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I want DH to buy a new suit for our next cruise...


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He's been wearing the same black suit for years and it's also the same suit in all of our formal pics on our last 3 cruises.

He said he won't buy another black suit (yes, he's stubborn). He wants to buy a dark gray suit, which, to me, isn't as dressy as black. I actually wanted him to buy a tuxedo, but I suppose he'll get more wear from a suit.

What do y'all think of a dark gray or charcoal colored suit? Will it look as formal if I wear a floor-length gown with him in his gray suit? Is it just my hangup?:rolleyes:

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If he wants charcoal grey--like this I adore: http://www.josbank.com/IWCatProductPage.process?Merchant_Id=1&Section_Id=13223&pcount=&Product_Id=398822 that would be nice on a formal night or for other occasions he might need a nice suit (wedding, funeral, etc) but a pale grey--not so much.....I think a charcoal suit would look pretty much the same as a black suit, really. Depends on the fabric & style specifics, but really, it's not black/white, just shades of grey....[i'm sorry, I could not resist that pun]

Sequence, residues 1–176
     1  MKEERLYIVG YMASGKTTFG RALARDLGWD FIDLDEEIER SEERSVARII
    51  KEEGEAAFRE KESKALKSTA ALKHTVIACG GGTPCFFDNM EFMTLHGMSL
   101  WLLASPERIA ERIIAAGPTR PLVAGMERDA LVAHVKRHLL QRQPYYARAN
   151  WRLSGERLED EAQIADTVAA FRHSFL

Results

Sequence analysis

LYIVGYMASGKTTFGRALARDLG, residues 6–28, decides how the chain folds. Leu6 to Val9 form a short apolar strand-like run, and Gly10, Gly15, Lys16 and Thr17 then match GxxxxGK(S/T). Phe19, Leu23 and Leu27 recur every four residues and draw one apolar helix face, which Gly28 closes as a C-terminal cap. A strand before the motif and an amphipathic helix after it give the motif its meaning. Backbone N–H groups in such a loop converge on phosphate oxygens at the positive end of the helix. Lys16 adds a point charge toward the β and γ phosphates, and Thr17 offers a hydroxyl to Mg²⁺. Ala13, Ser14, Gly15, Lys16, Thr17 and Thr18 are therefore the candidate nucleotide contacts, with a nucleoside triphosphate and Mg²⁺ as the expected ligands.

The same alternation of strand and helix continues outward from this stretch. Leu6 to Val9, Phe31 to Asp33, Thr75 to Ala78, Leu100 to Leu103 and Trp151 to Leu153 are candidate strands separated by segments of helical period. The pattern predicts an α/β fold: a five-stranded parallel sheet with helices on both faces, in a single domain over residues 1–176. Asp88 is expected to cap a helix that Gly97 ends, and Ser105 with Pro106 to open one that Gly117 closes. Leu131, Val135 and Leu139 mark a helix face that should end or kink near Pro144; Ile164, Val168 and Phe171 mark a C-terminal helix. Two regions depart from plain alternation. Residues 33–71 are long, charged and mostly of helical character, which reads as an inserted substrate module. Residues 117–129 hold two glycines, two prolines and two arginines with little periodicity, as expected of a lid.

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Your husband is a wise man! This is a post I made on a previous thread (with additions from lel5344) that I think you will find helpful:


Men's Suits 101



-solid navy blue or dark or light grey is the most versatile colour; if a man owns only one or two suits they should not be black - black looks wonderful after dark but its lack of colour looks dead in daylight and its harshness rarely flatters most skin tones

-9 - 10 ounces is the most versatile weight; less than that (i.e. tropical weight) usually wrinkles too easily (especially in lesser quality suits) and will provide little warmth in the winter months

-stick to 100% wool as it breathes easily, tailors well, resists wrinkles and holds dyes

-single-breasted is more versatile than double-breasted

-in general, avoid extremes in the cut and detailing such as excessively wide or narrow lapels, heavily padded shoulders, or overly fitted or overly baggy cut